This section briefly summarizes the broad observations made for each of the country groups and presents the various policy issues and options that fall out of the conclusions. The issues are organized around the topical subdivisions that were contained within each country group section. Where the issue applies only to specific countries or regions, those countries or regions are noted.
The Western CIS countries, with the exception of Moldova, are still struggling over meaningful private ownership of agricultural land and the right to sell land, to mortgage land, and to use land to its best use without interference from the State.
All of the Western CIS countries are still primarily farming as large collective farms with little benefit afforded to individual landowners. Except for Moldova, few purchase and sale transactions are taking place, and the majority of those land transactions that do occur even in Moldova, involve leasing back to the barely altered successors of the collective farms from which the land was allocated or divided.
For these countries, with the exception of Moldova, there is effectively no political will for reform, even though the farmers themselves are interested in a land market and land ownership. Recommendations suggested for the Western CIS countries are meaningful only to the extent the political situation in particular countries comes to allow it.
Azerbaijan, Armenia, and Georgia are leading the CIS in terms of privatization and farm reorganization and are ahead of some of the EU accession states in these areas. The Trans-Caucasus plus Moldova are also much further along in terms of land market legislation and development of a land market. These countries share several common factors. First, and most importantly, each of these countries has the political will to privatize land and move toward a market economy. All four countries devolved some land management responsibility to the local level. In addition, they passed legislation clearly allowing for land transactions. Armenia and Azerbaijan prioritized privatization and farm break-up and accomplished them simultaneously, while Georgia accomplished both to a significant degree.
Now that the basic legislative framework has been developed and implemented, the second stage of privatization must be implemented. This includes further development of the registration systems, privatization of at least a portion of the state land funds, development of private market services (surveying, real estate agents, valuation), and public information on land transactions and land markets.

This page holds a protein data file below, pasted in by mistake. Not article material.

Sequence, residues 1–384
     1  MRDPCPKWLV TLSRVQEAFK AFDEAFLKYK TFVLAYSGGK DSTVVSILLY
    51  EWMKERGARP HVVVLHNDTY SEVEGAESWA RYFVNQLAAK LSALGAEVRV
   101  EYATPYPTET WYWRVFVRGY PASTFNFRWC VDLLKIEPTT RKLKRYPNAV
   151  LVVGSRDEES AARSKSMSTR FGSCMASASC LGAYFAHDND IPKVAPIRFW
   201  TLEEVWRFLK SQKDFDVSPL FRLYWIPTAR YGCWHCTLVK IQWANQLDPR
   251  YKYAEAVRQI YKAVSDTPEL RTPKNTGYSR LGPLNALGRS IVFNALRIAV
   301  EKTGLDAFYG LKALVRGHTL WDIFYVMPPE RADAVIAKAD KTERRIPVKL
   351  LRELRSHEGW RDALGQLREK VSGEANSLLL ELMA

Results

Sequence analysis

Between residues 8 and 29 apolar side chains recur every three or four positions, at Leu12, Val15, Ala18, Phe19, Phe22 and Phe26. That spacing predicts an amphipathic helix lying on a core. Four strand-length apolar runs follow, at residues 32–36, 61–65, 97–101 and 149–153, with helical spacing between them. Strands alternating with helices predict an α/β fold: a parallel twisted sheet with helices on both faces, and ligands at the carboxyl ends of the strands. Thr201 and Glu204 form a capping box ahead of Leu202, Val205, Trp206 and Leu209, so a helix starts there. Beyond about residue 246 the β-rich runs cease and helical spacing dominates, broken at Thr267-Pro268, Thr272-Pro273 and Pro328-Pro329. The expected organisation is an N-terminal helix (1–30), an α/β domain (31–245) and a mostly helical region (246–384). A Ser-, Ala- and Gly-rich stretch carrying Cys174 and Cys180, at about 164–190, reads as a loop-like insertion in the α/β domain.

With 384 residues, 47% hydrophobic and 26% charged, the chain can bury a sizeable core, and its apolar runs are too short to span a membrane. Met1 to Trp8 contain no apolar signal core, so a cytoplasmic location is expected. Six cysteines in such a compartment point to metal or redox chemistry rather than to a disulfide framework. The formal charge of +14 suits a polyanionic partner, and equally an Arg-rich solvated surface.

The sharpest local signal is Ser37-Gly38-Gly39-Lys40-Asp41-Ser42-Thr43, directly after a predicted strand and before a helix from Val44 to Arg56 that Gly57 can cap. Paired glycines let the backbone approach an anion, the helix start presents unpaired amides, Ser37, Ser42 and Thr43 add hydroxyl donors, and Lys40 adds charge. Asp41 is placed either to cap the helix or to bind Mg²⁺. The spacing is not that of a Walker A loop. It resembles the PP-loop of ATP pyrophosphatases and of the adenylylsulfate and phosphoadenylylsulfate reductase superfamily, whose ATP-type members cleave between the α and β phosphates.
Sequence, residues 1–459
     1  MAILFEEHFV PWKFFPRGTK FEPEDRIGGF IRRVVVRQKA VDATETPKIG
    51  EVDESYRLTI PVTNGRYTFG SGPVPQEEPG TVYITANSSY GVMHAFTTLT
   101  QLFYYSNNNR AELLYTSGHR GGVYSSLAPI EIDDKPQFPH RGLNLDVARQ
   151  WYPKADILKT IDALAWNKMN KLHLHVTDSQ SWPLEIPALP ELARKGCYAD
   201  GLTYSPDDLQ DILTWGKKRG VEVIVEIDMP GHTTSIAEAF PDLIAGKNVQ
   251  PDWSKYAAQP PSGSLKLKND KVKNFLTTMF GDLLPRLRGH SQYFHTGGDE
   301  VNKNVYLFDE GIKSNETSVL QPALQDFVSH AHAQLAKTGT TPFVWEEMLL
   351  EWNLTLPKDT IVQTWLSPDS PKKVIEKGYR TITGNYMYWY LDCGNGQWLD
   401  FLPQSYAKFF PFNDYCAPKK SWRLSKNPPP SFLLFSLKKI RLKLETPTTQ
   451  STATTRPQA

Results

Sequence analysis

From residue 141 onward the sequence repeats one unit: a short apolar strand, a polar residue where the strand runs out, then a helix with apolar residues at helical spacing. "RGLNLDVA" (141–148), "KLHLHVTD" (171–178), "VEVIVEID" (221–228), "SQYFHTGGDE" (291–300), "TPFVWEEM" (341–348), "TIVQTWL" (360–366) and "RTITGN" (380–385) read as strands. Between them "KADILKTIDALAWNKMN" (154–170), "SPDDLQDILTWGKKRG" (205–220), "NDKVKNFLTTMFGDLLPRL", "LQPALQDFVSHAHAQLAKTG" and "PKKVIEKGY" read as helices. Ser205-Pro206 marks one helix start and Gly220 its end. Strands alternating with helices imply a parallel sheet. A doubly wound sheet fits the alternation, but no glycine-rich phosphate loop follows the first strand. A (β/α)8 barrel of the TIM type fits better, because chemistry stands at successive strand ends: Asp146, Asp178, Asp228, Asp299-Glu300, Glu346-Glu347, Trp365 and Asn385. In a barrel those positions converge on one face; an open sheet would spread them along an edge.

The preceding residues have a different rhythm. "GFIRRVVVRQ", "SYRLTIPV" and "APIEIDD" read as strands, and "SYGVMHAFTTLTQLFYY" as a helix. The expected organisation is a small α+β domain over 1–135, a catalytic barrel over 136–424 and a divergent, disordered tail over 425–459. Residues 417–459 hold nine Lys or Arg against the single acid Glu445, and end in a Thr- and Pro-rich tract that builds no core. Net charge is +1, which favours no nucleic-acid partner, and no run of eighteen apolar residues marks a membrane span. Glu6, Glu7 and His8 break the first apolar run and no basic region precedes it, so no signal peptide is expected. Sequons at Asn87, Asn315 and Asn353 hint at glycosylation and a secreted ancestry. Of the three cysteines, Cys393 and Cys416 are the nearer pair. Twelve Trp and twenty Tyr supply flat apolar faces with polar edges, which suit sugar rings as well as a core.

Before such programs are developed, field research needs to be conducted to determine what is currently happening on the ground (outside of the donor programs) and what effect privatization of the land fund will have on the poor and on consolidation efforts.
The rural land markets in these countries are not only influenced by economic transition issues, but also by ethnic strife, political instability, and war. None of the surveyed countries has avoided the sapping of energy and resources that might have otherwise been directed (at least in part) toward land market development goals.
In some ways (land registration infrastructure, potential for transactions, supportive legal milieu, private sector support, and others), Albania leads in the kinds of reforms that could help to create a vibrant land and mortgage market. This relatively progressive status might be attributable to Albania’s relative freedom from sustained armed conflict within its borders over the past ten years (although the collapse of financial pyramid schemes in early 1997 triggered severe social unrest that led to more than 1,500 deaths, widespread destruction of property, and a 7 percent drop in GDP).
As all of the surveyed countries except Albania were Yugoslav republics during the post-war years when collectivization was attempted and then abandoned, privatization and private farming has been and remains in an advanced state. However, some socially owned and state owned farms remain.
The EU accession countries have struggled less with the ideology of a market economy than many of the CIS countries, so privatization of land was not disputed. However, in some cases, EU accession countries have chosen to continue support for large collective-style farms, and much less farm break-up has occurred in such cases than in Armenia, Azerbaijan, and Georgia. While there are many contributing factors, it does appear that in countries where independent private farmers are not the dominant sector, the land market is functioning at a lower level than in countries with a larger number of private farms. Poland and Lithuania, for example, have an active land market, while Hungary, the Czech Republic, Bulgaria, Slovakia, and Latvia less so.